DEAR DOCTOR K: My child stutters. Why does he do this? What can we do to help him?
DEAR READER: I remember the first time I met someone who stuttered. He was a playmate when I was in grade school, whose parents knew my parents. I never heard him say the words “mother” or “father.” It was always “m-m-m-mother” or “f-f-f-father.”
When I asked my mom about him, she explained that he was probably having “emotional problems.”
My mom’s “diagnosis” reflected common beliefs. For a long time, stuttering was believed to be a psychological problem. But recent research suggests that stuttering has a strong biological basis, even though it may also be affected by emotions.
In fact, recent studies indicate that genetic factors probably play a larger role than scientists once thought. A study published in 2010 in the New England Journal of Medicine identified specific changes in genes (short sequences of genetic material) that may increase the risk of stuttering. At least one of these genes is particularly active in parts of the brain linked to motor function and emotion. Speech involves tremendous motor coordination.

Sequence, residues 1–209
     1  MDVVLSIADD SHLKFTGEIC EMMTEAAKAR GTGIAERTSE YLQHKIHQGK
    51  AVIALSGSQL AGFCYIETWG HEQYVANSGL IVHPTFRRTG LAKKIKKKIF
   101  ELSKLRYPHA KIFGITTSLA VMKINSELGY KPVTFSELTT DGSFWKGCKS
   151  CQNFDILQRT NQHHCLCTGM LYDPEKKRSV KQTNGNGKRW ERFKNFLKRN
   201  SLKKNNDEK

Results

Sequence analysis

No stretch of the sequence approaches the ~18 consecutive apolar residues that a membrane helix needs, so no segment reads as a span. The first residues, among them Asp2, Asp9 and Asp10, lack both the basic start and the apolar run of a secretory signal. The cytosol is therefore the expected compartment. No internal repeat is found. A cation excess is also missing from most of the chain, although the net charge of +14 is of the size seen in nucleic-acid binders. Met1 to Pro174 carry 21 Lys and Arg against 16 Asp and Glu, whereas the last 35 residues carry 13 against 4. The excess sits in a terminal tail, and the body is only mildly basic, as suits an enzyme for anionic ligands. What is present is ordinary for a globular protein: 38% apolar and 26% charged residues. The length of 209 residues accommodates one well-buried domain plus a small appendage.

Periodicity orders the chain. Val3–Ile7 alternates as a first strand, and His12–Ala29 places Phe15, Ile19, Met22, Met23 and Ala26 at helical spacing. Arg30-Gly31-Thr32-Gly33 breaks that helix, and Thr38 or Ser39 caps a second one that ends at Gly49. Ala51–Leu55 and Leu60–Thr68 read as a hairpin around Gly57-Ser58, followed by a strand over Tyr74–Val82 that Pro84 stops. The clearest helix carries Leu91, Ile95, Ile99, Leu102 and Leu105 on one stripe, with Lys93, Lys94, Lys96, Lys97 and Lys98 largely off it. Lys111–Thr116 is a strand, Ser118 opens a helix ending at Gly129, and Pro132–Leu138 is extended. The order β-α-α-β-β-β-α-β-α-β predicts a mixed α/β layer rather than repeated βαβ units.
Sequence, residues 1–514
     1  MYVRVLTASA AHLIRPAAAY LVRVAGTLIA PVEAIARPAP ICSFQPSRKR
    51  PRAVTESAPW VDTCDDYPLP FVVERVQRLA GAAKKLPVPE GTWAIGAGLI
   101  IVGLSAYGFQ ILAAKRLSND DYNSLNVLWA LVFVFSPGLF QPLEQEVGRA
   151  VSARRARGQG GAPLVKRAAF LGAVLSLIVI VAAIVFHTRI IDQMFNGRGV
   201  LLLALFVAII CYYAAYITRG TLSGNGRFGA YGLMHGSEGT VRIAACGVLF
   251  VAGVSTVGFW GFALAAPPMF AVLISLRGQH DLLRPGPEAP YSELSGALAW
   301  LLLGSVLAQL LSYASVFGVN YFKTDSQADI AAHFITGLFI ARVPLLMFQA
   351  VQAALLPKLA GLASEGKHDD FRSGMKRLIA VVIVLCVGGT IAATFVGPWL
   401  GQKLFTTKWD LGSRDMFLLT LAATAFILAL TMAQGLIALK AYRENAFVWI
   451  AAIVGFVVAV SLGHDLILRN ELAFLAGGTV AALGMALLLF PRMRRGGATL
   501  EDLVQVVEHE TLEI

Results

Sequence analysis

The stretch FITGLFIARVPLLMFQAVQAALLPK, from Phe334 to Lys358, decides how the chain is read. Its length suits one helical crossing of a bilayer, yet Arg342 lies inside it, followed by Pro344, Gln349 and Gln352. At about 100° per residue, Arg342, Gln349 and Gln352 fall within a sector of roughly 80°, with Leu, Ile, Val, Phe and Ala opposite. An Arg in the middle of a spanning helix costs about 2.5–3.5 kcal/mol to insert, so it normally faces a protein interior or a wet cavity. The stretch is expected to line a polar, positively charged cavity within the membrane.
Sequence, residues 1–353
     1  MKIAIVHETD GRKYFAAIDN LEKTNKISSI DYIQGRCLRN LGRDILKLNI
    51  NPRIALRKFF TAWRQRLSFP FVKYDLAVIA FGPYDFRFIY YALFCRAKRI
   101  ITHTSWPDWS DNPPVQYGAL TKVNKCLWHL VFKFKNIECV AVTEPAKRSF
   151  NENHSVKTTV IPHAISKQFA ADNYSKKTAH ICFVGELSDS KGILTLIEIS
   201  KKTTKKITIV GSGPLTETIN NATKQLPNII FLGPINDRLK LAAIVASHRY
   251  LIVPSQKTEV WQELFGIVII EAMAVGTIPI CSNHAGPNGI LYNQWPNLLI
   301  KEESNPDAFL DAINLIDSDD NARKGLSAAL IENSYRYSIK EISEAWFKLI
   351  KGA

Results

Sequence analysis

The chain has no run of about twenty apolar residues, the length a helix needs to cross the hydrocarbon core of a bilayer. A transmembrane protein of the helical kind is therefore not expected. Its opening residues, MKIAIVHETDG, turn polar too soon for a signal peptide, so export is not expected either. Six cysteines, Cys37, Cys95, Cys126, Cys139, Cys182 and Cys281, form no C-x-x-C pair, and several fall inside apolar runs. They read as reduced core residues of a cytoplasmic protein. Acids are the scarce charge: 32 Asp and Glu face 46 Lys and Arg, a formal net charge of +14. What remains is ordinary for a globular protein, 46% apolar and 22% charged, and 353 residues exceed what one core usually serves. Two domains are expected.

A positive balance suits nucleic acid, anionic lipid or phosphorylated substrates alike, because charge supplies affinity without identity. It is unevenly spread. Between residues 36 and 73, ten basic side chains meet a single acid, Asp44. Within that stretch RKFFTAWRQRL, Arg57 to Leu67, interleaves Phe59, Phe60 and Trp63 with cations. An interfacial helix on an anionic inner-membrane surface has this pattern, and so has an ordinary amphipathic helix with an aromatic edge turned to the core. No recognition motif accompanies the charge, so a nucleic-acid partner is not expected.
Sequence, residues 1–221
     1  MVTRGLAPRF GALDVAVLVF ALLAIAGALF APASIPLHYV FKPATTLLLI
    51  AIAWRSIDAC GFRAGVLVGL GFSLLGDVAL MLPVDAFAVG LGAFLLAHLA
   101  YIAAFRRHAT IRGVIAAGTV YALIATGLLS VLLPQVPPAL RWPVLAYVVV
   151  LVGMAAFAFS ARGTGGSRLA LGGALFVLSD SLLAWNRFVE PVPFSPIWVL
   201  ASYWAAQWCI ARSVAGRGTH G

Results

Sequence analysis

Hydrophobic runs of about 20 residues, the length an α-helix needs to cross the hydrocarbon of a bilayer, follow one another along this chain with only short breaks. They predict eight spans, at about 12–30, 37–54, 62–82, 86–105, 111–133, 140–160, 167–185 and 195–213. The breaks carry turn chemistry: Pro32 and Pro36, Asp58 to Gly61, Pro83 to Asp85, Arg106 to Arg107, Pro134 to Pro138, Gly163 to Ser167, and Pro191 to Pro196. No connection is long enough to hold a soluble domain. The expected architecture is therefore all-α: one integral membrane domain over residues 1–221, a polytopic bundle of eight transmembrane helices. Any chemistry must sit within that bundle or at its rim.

There also is evidence that strong emotions and anxiety can intensify stuttering. You can’t change your child’s genetic inheritance, but you can influence his emotional state. In particular, you can help your child by doing the following:
• Be a patient, attentive listener.
• Do not finish your child’s words or sentences and do not interrupt.
• Do not pressure your child to speak to strangers or perform in public.
• Work with family members or teachers to provide a relaxed environment for your child.
Your child may benefit from working with a speech-language pathologist. SLPs use many different types of speech therapy to treat stuttering. Some of the most effective methods include:
• Modeling slower speaking.
• Teaching exercises for breath control and reducing tension on the vocal cords.
• Using a computer or other devices to give immediate feedback on how the child is doing with various strategies.